Time management plays a huge role in my life, as outside of this gig I will have multiple other jobs like teaching to earn money, because New York is expensive, as well as making sure I’m catching up with friends and connecting with family over FaceTime where possible, and then as mentioned previously, I need to make sure I’m working on my visa application. I would then have rehearsals and working out to stay in shape, also making sure I eat properly and enough throughout the day to fuel this busy lifestyle. I sleep enough, and I workout a lot because I enjoy exercising for both my physical and mental health, but I also couldn’t dance for an hour on stage if I’m not in shape. I don’t like to encourage or believe in the idea that you have to look a certain way to be a performer; I think that idea is tired now, but I really keep note of how I feel. So, I maintain a certain level of fitness and eat well so I don’t get sick, and I feel I am performing at my best.
It is important to manage your time so everything feels under control, and it is really important to stay well, both physically and mentally, so that the lifestyle is sustainable.”
Have you started any of your own projects?
“I have been planning some projects. I really enjoy choreographing and am continuously exploring my contemporary and ballet roots. I have planned a few individual performance videos of my choreography to film and share online. As someone who studied in NYC at an arts school, I also have a lot of friends from different fields in the arts, and I have been wanting to put together a showcase to present the different forms of art and the talent that I see in all of these people. A fresh celebration of the arts that is bred in this wonderful city.”
How have you found adjusting to longer term life in the States?
“I am absolutely loving it. I think because I moved here at such a young age, I feel like I established my adult life here, and so I feel really comfortable. I miss my family and friends from Sydney a lot, but I just love the life I live here. It does get hard if you have to deal with being sick by yourself, or any of the big holidays without family, but those special days become ones you share with your friends who don’t have family around as well.”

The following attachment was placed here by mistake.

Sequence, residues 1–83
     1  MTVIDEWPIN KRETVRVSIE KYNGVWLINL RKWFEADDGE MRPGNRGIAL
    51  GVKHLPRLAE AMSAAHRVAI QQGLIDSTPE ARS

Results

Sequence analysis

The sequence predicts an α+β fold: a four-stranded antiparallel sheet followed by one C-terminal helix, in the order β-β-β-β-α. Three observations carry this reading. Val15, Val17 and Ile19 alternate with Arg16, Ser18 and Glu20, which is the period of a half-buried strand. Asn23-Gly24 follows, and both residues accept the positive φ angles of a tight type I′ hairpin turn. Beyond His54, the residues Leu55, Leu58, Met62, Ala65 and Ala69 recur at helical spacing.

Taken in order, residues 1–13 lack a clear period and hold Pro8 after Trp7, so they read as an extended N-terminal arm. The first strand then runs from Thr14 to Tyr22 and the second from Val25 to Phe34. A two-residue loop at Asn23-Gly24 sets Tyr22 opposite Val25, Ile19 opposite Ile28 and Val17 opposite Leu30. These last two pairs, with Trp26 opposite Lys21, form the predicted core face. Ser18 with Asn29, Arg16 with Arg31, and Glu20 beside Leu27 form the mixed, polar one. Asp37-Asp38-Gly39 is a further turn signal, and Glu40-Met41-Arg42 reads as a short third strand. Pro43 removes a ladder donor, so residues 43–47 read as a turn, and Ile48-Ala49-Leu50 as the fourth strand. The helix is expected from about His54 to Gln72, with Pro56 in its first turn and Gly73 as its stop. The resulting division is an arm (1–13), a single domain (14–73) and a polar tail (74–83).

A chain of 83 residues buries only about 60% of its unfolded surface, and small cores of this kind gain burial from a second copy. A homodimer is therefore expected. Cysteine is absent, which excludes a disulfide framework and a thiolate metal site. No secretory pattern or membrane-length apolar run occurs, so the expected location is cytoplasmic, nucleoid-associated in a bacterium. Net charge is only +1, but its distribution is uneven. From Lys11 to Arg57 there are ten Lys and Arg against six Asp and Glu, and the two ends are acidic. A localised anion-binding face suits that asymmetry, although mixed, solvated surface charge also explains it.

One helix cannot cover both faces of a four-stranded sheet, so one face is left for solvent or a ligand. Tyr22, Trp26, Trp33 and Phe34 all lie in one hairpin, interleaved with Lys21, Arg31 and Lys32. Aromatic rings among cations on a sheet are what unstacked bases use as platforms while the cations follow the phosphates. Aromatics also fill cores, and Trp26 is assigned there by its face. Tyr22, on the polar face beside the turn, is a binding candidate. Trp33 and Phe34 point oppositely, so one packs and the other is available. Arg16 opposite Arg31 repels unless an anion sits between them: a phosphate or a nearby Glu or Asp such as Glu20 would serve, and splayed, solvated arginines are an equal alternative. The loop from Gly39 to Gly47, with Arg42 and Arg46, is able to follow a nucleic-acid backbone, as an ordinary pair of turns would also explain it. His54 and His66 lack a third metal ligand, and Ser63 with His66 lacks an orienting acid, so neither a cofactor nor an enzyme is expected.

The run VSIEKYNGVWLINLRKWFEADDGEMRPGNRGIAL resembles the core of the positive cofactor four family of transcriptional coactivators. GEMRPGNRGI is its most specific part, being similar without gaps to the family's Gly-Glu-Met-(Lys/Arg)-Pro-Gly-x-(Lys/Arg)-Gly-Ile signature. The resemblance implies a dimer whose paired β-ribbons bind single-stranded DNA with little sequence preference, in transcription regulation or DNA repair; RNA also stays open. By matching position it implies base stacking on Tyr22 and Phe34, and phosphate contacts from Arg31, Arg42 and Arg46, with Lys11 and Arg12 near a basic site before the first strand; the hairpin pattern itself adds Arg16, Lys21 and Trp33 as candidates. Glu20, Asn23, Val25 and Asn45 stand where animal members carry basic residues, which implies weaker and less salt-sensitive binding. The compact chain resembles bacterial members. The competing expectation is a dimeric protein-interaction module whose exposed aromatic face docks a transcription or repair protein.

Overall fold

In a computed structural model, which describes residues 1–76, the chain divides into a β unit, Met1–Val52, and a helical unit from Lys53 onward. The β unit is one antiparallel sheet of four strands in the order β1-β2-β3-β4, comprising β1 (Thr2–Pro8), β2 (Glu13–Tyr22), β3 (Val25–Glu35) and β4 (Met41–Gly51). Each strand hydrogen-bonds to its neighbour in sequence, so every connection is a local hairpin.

I am sure many of our readers are curious as to how you have managed the visa situation, over a longer term period?
“I don’t want to sugarcoat it; the visa situation is really hard. It takes a lot of time and energy to put together, and a lot of motivation. It involves dedicating much of your spare time to collecting information and evidence from every job you’ve ever done, and then presenting it in binders that are very descriptive… a lot of paper-compiling to put it simply! You need to make a lot of connections with industry professionals who can vouch for your efforts and talent. But I want to stay, and keep performing and working with Paytra, as well as all the other contacts I have landed here, so the time and effort is worth it. I would recommend starting earlier than you think so you can stay on top of it, and ask for help where you can.”
How are things different as far as dance work goes — the lessons that you may not have learnt if you had stayed short-term, like a year?
“I think the biggest thing I’ve come to find is that no matter where you are, whether it’s Sydney or New York City, more than 90 percent of the time it is about who you know and the connections you make, and making sure you are someone who people will like working with! If people like you, they are going to want to keep working with you. Originally, I didn’t think NYC was similar to Sydney when I first moved here, but after a couple of years of working, I have found it to be very similar. I don’t think I would have met or worked with any of the people I have, if I had chosen not to stay after my studies here.
One interesting thing I have learnt in my time here, is that New York is a really hard city to live in. You have to have to be really thick skinned, and prepared for the fast-paced lifestyle. Not a lot of people like the level of busyness, and it can get really tiring, really quickly. It is also very expensive, so you are always going to be working, therefore always tired. It is a sacrifice that is so worth it, though, and if you have the personality to withstand New York, then you will thrive. I love it, and I love my life here.”
By Linda Badger of Dance Informa.